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Manhattan College Students Demand Environmental Action

by NICOLE FITZSIMMONS & KELLY KENNEDYStaff Writers

On Friday, Sept. 20, millions of people all over the globe gathered to take a stand for the climate crisis. Here in New York City, thousands of individuals met in Foley Square to strike against the lack of political action for the current global climate crisis, including many Manhattan College students. These students took to the streets of NYC to represent Manhattan College in the demand for action and change regarding the issue that has the potential to seriously damage not only the future of our planet but for the future of everyone living on it.

Screen Shot 2019-09-23 at 1.42.09 PMCampus Ministry and Social Action is an organization on campus that provides opportunities for students to engage in social justice and community service events such as the climate strike, while also practicing the Lasallian values with respect to all religious traditions. Coordinator Jacquie Martin, and Assistant Director of Community Engagement and Partnerships Kathleen Von Euw, both work in CMSA and work to help send students to programs around the city to learn about social justice and to immerse themselves in community service programs such as L.O.V.E. trips.

Last week, the organization sent students to the climate strike in NYC to demand action. On the Wednesday before the strike, students gathered in Kelly Commons to create signs and express their thoughts and aggravation with the lack of action regarding this issue creatively.

“Climate change is a really big issue that is pressing right now, so it was something we knew that students would be interested in. We wanted to support them in doing that. And, it’s so connected to so many of the other social injustice issues that we talk about in our general programs, especially immigration and racial justice,” said Martin.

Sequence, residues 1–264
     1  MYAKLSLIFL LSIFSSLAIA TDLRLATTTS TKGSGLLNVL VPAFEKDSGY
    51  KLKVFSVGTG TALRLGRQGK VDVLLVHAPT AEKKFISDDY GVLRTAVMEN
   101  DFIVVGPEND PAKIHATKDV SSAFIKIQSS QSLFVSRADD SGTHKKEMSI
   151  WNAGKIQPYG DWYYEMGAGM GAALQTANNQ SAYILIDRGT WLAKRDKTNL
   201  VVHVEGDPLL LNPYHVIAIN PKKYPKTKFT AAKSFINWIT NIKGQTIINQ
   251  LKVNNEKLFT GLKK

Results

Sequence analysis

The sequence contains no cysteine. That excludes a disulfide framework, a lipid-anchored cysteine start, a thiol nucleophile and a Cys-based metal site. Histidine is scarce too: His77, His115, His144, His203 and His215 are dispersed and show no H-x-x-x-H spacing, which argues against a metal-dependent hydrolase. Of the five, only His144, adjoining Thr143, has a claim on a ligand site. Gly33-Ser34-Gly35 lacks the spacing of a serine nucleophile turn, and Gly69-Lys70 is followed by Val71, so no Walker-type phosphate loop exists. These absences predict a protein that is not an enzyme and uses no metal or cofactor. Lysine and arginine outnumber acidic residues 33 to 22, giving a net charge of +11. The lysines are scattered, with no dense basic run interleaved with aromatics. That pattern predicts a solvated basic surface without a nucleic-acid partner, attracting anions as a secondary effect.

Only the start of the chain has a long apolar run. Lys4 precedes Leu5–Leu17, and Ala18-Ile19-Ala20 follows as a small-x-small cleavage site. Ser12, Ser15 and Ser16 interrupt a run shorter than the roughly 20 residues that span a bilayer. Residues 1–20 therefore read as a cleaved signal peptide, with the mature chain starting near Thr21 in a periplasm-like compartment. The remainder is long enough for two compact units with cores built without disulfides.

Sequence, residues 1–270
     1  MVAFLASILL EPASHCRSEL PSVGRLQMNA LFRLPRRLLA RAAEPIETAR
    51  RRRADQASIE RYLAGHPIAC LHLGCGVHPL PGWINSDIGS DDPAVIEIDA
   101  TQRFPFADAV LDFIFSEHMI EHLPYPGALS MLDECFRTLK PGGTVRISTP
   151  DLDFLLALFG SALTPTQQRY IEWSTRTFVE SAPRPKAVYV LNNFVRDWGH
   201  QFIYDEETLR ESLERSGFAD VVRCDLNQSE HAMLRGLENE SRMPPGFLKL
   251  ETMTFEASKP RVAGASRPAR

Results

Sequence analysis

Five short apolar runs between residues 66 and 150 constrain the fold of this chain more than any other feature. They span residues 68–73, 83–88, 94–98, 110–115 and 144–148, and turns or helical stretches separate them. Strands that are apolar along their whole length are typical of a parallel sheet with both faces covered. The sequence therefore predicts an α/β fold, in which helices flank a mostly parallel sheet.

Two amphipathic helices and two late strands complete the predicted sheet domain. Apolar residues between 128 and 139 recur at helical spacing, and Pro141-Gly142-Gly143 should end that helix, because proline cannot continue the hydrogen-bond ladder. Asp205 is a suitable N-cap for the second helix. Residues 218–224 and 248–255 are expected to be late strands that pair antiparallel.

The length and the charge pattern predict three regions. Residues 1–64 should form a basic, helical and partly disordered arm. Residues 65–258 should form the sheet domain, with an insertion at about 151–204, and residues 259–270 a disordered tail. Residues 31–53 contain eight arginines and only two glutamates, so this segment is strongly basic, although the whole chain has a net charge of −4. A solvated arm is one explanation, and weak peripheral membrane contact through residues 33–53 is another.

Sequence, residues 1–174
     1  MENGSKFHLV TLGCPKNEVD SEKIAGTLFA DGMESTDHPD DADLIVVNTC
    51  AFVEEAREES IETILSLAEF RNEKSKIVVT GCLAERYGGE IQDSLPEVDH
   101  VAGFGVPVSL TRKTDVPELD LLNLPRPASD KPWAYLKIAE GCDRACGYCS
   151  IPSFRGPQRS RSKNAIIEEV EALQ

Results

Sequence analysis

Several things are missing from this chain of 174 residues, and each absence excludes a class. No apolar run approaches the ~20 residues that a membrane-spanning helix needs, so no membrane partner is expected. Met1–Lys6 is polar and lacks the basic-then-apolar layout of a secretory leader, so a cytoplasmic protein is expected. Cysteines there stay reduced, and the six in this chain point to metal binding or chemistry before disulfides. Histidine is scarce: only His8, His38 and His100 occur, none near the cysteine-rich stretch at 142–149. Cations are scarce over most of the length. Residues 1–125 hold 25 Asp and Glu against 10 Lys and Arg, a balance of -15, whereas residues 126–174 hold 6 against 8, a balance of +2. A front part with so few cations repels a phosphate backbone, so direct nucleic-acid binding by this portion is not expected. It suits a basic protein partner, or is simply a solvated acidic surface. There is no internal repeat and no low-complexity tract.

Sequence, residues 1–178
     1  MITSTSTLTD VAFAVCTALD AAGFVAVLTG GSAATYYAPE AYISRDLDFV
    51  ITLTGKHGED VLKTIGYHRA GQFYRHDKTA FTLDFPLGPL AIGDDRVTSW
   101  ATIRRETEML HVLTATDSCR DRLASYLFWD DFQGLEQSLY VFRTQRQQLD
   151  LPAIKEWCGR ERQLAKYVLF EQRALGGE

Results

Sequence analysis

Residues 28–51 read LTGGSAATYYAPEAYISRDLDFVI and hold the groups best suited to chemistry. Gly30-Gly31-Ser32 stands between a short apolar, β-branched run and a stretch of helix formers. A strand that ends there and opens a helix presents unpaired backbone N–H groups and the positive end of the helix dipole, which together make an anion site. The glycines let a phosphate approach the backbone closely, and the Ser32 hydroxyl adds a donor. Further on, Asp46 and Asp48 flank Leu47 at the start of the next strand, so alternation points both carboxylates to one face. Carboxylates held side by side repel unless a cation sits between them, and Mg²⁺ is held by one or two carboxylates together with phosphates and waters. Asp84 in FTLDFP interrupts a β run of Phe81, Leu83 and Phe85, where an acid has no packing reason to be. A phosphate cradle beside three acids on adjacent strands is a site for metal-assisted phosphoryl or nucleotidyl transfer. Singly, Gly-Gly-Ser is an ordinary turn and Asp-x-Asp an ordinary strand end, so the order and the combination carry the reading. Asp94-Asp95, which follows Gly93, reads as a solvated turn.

The climate strike was one of many protests that CMSA has taken students to, including the Women’s March last January. Their goal is to give students the opportunity to tap into all of the opportunities that New York City has to offer.

Martin said, “We are trying to help them [students] make that connection, to make things more accessible.”

Donya Quhshi, CMSA Graduate Assistant, helped spark the idea for the students to organize themselves in attending the strike.

“As an organized group, participating in this strike is important to us because we recognize our roles in inciting a change and our power in numbers. It is our future that is at stake, and we are willing to march out of our classes and workplaces to let our politicians know that we want climate action now,” said Quhshi. “I am most excited to see our youth marching for a better future, and to see them so passionate about climate justice and being leaders is inspiring.”

Dozens of students from MC felt similarly and are participating in the strike. Senior mechanical engineering major Tomo Dugan was one of many students to join CMSA in the protest. His goals to pursue careers in renewable energy and green building have been inspired by what he has learned about climate change and the opinions that grew out of them.